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Epic reverses course on reopening, allows remote work through December

Epic reverses course on reopening, allows remote work through December

Epic campus (copy) (copy)

Health records giant Epic Systems told employees in June to plan for a full return to campus by Sept. 21 but reversed that decision Wednesday night.

Following concerns from employees, customers and the local public health department, Verona-based health records giant Epic Systems reversed course on plans for its nearly 10,000 employees to return to their offices, as the novel coronavirus continues to spread throughout the county and state.

The announcement came just after 11:30 p.m. Wednesday in an email from founder and CEO Judy Faulkner.

“If you wish, you can continue to work from your Madison-area home until at least the New Year,” Faulkner wrote. “For those of you who wish, you are welcome to join us on campus.” 

Working parents who do not believe they can complete their usual workload while caring for their children can choose to shift to a reduced schedule or take a leave of absence. 

Faulkner also advised that the coming months would be particularly busy with new projects and launches. “Some of you might need to be on campus to support these activities, and we’ve made our campus one of the safest places to be.”

Epic will give employees at least four week’s notice before requiring them to return in 2021, Faulkner wrote, adding that the company would make decisions based on factors including public health reports, advice from public health experts, the availability of treatments and the return of students to the University of Wisconsin.

The move reverses plans announced in June. Initially, Epic instructed employees to return in phases through August, but as coronavirus case counts spiked locally, the company pushed all scheduled returns back by a month, with a full return then planned for Sept. 21. 

The reopening plan immediately sparked concern among employees, with hundreds indicating dissatisfaction with Epic’s pandemic plans in a survey created and circulated by employees. More than a dozen employees told the Cap Times last week that they had knowledge of team leaders being demoted after expressing concern about the company’s response to the pandemic.

Some took their concerns directly to local public health authorities, whose order instructs all employers to “facilitate remote work to the greatest extent possible.” Epic is considered a health care operation under the current order from Public Health Madison & Dane County, which means the company is exempt from mass gathering restrictions and the rule limiting its capacity to 50%.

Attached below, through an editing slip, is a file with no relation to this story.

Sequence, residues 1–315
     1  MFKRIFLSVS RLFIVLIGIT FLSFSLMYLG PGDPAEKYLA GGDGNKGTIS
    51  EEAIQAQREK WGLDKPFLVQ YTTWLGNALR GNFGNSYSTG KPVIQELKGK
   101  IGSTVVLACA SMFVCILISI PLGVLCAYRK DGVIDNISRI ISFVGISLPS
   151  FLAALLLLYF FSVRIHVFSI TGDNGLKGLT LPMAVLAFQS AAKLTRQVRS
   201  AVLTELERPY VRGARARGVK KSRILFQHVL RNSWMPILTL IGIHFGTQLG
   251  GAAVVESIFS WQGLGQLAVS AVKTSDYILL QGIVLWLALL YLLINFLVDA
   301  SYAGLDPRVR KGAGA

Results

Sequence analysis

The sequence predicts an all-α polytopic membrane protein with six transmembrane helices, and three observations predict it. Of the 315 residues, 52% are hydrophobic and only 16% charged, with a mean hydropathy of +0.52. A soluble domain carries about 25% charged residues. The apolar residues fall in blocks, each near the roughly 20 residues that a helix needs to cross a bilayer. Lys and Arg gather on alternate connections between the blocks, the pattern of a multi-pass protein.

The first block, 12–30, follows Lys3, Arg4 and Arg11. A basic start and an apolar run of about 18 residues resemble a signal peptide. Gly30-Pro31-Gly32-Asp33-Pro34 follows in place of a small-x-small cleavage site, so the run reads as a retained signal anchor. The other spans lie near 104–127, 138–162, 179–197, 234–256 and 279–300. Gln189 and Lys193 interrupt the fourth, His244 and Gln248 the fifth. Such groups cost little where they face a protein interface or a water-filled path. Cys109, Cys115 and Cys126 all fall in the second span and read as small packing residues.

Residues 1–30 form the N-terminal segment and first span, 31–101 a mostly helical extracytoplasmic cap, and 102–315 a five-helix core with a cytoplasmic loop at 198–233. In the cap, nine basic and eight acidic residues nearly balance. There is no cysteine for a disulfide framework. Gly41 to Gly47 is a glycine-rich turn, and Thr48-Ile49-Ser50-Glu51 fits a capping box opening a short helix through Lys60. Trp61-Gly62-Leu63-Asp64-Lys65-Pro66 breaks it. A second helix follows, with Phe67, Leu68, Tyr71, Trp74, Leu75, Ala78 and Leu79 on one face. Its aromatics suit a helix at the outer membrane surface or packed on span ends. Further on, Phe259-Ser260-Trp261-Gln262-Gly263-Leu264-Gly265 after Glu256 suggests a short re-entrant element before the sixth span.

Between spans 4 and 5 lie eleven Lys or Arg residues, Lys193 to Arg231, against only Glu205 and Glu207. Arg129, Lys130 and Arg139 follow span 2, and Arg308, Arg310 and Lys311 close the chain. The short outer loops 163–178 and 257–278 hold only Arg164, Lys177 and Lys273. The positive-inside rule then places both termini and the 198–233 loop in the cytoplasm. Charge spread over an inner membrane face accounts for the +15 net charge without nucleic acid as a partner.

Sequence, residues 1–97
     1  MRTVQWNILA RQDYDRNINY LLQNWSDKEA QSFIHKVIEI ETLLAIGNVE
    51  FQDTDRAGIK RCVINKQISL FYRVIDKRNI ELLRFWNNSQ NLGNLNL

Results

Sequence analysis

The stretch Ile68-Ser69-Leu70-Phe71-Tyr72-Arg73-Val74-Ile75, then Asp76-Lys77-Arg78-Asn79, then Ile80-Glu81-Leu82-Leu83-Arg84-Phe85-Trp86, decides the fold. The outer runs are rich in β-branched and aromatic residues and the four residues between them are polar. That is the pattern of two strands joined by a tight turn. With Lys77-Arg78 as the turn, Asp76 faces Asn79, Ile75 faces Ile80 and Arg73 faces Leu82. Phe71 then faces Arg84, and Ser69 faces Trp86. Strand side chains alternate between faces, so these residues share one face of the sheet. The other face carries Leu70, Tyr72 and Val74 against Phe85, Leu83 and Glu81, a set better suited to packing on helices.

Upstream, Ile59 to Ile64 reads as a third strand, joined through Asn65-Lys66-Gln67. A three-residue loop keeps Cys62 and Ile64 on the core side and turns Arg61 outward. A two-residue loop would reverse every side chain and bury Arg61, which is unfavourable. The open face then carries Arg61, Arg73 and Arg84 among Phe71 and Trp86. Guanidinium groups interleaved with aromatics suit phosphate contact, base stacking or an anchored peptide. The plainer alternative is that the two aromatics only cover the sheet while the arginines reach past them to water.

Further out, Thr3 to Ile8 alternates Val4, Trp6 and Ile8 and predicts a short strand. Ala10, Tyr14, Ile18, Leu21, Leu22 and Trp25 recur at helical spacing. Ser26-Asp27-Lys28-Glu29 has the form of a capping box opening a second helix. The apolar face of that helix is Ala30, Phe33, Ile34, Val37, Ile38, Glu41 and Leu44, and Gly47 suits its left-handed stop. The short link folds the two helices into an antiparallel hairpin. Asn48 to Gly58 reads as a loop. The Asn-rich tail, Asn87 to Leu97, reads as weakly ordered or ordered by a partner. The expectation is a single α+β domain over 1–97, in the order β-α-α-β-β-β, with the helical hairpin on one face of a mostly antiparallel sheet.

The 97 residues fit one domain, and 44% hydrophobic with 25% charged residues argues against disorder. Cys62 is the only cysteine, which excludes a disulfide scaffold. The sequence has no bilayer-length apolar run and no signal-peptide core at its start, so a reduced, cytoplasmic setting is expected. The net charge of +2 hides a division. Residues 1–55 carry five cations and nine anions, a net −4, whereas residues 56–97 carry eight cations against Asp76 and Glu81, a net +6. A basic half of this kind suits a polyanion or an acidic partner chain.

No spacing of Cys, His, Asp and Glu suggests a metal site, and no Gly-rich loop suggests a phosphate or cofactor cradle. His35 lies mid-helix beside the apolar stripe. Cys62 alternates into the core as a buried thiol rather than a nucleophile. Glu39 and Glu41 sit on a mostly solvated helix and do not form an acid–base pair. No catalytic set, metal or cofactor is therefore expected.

As of Aug. 9, Public Health had received 49 complaints from Epic employees expressing concern about their company’s plans to make them return to work during a pandemic.  

Epic had interpreted remote work as having employees come to the campus and work by themselves in their offices, an Aug. 6 letter from Public Health to Epic revealed. This is “incorrect,” Public Health wrote.

The department has communicated with Epic at least 15 times since June 4 about “businesses hygiene, cleaning and protective measure policies, meeting safety protocols (physical distancing/face coverings), and facilitating remote work to the extent possible.”

Several Dane County Board Supervisors also reached out to Public Health Aug. 7, requesting additional information on Epic’s decisions. They asked, among other things, how Epic’s actions would affect Dane County’s ability to flatten the curve on the COVID-19 virus.   

“You’d be hard pressed to find a district in the county that doesn’t have an Epic employee,” said Supervisor Sarah Smith, District 24. “It was going to be impacting all of us.” 

Though the impact of employees returning to the campus is unknown, PHMDC Director Janel Heinrich said, “what is known is that indoor settings and large groups of people raise the risk of transmission.” 

“Tele-work to the greatest extent possible supports limiting interactions between people, which is a harm reduction strategy for COVID,” Heinrich said in the letter. 

One Epic employee, who spoke on condition of anonymity, said they were grateful that Public Health was enforcing its orders and that Epic was now complying but that the move should have come sooner.

“Keeping us remote through (the end of the year) will prevent Epic from being ground zero for a major outbreak. But so much damage has been done. The people in charge haven't said they were wrong or apologized for their actions. Demoted team leaders haven't been reinstated. Talented staff have quit or been forced out. Several of my coworkers are still job hunting because they no longer trust Epic to act in the best interests of its employees or the community. 

“I really hope I'm wrong, but I'm worried that if COVID continues to spread, we will have to fight this fight all over again in January. That said, I feel like a huge weight has lifted off my shoulders. I will sleep better tonight than I have in months.”

An Epic spokesperson did not immediately reply to a request for comment.

 

Abigail Becker contributed to this story.

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